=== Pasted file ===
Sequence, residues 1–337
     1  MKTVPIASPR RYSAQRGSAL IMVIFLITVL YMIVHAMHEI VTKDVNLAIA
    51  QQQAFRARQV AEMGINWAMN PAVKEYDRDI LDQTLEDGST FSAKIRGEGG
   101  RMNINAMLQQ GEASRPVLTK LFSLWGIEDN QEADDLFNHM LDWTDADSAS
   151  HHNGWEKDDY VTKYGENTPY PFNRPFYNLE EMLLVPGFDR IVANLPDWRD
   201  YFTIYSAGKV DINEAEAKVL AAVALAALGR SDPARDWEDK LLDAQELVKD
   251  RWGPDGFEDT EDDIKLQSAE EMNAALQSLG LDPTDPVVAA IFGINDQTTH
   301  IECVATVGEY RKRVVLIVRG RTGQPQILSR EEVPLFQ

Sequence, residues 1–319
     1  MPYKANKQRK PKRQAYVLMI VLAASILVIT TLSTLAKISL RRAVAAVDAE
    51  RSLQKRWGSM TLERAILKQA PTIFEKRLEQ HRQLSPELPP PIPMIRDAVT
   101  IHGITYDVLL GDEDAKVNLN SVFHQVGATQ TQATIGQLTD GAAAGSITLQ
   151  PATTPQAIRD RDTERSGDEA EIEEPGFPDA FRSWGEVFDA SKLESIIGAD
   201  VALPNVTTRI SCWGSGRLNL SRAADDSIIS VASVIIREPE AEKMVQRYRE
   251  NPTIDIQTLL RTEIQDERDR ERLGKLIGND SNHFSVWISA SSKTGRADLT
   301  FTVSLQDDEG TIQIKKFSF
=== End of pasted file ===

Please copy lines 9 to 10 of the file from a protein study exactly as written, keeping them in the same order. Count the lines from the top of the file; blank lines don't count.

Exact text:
Sequence, residues 1–319
     1  MPYKANKQRK PKRQAYVLMI VLAASILVIT TLSTLAKISL RRAVAAVDAE